TARP dividends are killing bank profits

When the Bush Administration gave banks money under the Troubled Asset Relief Program (TARP), it was not a complete freebie.  The government has received preferred shares in many institutions.   These shares pay dividends to the government as compensation for the investment.  Well, apparently, those dividends are becoming a bit of a problem for banks because they are eating into banks’ much needed capital by siphoning off money to the government.

Honestly, I do not know how to sidestep this issue because the government should be compensated for its efforts as a normal investor would.  Zero-coupon bonds would generate the same accounting effect, even though no money was changing hands.  Payment-in-kind (PIK) preferred shares would be seen as inadequate.  Common stock would be dilutive to existing shareholders and is one reason not to hold stock in these companies.  Converting dividend-paying preferred shares into common stock may be the best route forward.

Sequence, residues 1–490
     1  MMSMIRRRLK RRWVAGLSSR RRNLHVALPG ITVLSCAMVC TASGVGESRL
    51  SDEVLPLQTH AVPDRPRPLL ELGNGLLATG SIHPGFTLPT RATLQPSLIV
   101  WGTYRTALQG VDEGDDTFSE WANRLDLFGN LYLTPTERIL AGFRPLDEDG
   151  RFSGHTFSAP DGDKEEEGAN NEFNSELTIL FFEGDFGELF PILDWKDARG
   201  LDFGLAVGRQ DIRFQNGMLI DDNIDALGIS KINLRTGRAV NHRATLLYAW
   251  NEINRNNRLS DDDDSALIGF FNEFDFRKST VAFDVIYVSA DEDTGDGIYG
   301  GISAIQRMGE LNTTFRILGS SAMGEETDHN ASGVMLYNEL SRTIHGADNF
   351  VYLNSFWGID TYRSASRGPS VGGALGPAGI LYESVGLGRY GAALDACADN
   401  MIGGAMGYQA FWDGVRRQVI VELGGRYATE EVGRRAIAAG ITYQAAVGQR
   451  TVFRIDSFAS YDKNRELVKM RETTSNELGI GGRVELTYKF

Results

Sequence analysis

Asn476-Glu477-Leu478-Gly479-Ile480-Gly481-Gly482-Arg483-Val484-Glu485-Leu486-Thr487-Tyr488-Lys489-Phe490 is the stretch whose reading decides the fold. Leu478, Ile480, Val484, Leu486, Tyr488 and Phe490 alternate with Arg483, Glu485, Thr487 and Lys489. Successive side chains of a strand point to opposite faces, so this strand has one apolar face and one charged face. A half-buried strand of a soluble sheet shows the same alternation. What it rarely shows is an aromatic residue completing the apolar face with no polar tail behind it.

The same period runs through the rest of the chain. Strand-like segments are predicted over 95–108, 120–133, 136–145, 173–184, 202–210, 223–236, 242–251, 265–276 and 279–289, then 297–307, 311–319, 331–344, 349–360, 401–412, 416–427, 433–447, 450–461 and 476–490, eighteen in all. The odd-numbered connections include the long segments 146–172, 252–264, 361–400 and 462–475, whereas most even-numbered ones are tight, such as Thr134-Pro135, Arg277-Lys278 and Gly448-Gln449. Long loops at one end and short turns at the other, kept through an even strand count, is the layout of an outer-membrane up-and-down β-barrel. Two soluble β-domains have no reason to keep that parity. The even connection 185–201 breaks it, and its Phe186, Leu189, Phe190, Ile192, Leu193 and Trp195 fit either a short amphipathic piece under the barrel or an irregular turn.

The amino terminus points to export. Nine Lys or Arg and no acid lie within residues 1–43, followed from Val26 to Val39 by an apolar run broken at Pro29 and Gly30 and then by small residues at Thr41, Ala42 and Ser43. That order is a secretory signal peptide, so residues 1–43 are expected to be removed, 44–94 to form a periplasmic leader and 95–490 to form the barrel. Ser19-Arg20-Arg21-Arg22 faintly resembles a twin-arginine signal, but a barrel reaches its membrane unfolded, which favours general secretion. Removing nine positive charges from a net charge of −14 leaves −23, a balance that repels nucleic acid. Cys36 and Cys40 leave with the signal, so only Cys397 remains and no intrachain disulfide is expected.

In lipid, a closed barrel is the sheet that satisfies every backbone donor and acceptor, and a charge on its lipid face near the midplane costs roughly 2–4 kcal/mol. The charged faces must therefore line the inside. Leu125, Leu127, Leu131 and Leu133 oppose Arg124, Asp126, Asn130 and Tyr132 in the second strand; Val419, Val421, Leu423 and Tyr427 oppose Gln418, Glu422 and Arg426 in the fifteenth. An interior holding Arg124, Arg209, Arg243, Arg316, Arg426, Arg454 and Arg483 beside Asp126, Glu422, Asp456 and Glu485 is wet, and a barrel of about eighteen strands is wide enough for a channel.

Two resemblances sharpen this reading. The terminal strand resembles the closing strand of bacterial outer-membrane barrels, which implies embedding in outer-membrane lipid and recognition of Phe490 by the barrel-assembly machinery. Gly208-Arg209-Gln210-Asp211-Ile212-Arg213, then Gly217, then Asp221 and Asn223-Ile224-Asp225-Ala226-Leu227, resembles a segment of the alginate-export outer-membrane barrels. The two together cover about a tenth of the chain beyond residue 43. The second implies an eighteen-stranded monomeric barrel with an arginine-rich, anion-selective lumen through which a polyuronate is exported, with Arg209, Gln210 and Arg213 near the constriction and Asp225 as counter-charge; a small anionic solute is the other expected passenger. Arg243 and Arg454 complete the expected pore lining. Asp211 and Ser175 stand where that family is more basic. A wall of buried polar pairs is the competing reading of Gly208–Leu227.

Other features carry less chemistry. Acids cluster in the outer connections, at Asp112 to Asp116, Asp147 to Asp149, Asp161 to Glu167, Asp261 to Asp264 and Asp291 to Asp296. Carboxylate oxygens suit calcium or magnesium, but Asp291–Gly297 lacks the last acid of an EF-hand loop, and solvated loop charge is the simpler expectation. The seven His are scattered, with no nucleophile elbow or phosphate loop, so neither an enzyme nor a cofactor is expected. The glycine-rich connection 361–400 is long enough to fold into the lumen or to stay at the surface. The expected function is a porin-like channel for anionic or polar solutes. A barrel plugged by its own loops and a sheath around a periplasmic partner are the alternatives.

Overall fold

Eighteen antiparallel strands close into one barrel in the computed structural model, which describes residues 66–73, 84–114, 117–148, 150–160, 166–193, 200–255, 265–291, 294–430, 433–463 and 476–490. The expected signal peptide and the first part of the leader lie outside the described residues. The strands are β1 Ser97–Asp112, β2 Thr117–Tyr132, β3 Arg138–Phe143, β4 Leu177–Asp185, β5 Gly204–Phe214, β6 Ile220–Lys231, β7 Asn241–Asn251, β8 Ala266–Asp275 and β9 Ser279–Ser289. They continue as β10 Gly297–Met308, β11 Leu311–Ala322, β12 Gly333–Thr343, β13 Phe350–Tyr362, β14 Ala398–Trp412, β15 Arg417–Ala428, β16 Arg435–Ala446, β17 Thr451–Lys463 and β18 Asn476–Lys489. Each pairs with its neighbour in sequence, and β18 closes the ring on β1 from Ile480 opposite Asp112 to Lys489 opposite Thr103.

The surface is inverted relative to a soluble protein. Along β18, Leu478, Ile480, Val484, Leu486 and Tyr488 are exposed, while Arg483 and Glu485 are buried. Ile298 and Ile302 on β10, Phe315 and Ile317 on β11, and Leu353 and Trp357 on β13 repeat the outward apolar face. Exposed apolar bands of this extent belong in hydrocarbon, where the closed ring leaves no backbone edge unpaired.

If anyone has a solution, feel free to chime in.

  1. Terry says

    As I remember, the US taxpayer is getting on the order of 5% annually (whether loans or preferred shares) for bailing out these ugly beasts. That leaves some 95% of the capital available to lend on which they should easily be able to cover their costs and make a profit. Instead, these banks are using the money to pay excessive dividends, build reserves savaged by their own utterly stupid risk management, buy other (sick) banks, over-compensate incompetent executives, enjoy retreats at luxurious resorts, fly corporate jets, and all the rest of their idiotic behavior.

    Give me (and all other taxpayers) a break!

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